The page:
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The Show Must Go On! SVC Chicago: Personal Connections and Key Technology

Author: David Sanchez, Materion

What a difference a few months make, especially when we were expecting to still be buzzing after another thrilling SVC TechCon 2020, this time to be held at the Hilton Chicago. This annual event is put on by the Society of Vacuum Coaters, a truly global organization billed as the main “source for learning, applying and advancing vacuum coating, service engineering and related technologies.” Due to the ongoing pandemic, the leadership and board cancelled the annual event and worked to not only secure a solid plan for 2021, but echoed the concerns, warnings and knowledge from their Asian members and partners. This swift action is no surprise and certainly no departure from the clear mind and concern I was first introduced to in 1996, as a new Thin Film Engineer at OCLI (Optical Coating Laboratory Inc.), now Viavi Solutions. Having served in the Armed Forces and being at the beginning of my career, I was immediately struck by the prowess of the Society and how important communication, and connection is to the Thin Film Industry.

When thinking of all the years I attended and exhibited at the TechCon, as it moved around the country and adding up the hours spent as Technical Advisory Committee, Board of Directors and active Materion exhibitor, as well as SVC member, I again marvel at the diversity of professionals and extensive experience found at each event. For my own small speaking contribution this year, I had planned to share key challenges and innovations at the Technical Forum Breakfasts, Breaks and Networking events, such as the exciting SVC Foundation Casino Night. Instead of those relaxed yet invigorating exchanges with friends, coworkers, and customers, I too have retreated to relative isolation, but remain ready to share market and corporate advances during this historic time.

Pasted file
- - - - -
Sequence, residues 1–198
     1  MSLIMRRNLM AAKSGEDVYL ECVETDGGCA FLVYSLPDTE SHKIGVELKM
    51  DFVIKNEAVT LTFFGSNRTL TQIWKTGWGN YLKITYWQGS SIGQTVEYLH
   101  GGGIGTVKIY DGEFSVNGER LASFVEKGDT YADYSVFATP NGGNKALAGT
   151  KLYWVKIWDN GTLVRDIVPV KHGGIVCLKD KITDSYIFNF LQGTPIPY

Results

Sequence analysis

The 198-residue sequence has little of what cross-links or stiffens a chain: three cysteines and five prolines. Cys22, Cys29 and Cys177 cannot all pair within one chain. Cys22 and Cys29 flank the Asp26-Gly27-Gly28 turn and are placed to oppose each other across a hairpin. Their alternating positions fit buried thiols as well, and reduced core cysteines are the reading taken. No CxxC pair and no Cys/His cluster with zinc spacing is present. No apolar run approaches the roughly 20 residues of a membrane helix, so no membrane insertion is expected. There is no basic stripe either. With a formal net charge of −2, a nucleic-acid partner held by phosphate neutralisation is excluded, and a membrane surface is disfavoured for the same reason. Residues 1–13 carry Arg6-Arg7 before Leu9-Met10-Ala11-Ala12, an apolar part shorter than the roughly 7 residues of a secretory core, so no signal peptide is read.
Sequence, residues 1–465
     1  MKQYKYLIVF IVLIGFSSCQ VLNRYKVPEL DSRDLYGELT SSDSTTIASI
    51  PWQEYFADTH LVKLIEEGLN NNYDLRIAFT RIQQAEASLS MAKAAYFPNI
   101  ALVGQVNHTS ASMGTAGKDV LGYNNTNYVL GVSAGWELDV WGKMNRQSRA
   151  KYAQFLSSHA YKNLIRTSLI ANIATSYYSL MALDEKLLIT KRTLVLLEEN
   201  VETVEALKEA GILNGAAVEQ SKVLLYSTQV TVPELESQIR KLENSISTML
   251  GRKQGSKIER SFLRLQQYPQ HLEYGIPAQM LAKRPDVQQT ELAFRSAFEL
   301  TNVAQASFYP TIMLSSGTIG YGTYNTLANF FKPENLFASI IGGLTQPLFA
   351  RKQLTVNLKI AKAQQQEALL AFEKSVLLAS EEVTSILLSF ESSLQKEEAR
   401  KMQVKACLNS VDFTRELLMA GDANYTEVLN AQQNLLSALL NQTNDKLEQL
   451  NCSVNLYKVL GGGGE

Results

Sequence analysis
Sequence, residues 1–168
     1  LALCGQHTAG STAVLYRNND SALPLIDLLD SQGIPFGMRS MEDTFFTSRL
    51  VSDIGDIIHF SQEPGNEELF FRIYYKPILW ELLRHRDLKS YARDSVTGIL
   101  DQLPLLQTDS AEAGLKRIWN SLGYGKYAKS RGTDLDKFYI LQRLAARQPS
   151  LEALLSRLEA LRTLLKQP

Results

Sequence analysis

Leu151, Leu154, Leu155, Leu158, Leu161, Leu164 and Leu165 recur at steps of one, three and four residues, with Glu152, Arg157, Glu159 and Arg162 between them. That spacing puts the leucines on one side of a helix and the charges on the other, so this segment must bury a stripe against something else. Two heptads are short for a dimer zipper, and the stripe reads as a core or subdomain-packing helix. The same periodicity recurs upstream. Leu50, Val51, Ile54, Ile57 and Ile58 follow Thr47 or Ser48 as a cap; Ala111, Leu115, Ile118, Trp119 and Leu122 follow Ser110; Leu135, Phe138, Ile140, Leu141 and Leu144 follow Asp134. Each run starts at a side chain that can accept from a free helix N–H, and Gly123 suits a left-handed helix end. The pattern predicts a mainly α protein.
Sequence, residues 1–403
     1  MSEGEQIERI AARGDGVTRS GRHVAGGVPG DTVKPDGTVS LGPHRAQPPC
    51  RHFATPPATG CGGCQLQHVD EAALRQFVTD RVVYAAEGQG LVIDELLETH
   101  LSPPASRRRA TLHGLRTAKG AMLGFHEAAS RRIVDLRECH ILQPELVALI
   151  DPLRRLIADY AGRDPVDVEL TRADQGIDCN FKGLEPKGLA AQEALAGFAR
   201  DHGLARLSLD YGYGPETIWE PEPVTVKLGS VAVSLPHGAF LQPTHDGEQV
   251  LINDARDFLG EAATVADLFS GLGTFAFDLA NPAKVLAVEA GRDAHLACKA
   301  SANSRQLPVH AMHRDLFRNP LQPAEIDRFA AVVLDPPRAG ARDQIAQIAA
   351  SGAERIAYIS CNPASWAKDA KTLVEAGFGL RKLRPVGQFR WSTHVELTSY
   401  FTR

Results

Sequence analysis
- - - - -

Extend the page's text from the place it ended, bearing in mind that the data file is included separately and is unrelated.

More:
It is true that technical thin films are central to Energy Efficiency, Storage and Sensing markets; it is also true that COVID-19 has amplified the supply chain uncertainty unearthed by trade tensions. While each metal has its own story, the special marriage of international and local technology necessary for metals has catapulted Materion’s core investment in Precious Metals Lifecycle Management, with Gold and Silver as complete solutions for customers. The combination of lower overall cost of ownership and shortened exposure to market pressures means the approach is an increasingly likely model for additional rare, or seemingly ubiquitous elements and compounds. While this capability is central to wireless communications and renewable energy, it is a strong feature available to all our customers globally, in almost any industry. In its simplest form, spent targets and components such as shields, film, wafers and scrap wire or forms can be stripped, and the Gold or Silver buildup can be recovered, refined and refabricated in-house, with great precision and speed. This unique recycling and reclamation process saves our customers time and money, as well as strengthens the green movement weaved throughout their supply chain. It may go without saying, but that these are three precious resources cannot be overstated, especially at this time. Materion offers customized Metals Management programs tailored to meet our customers’ unique financial objectives.

SVC TechCon 2020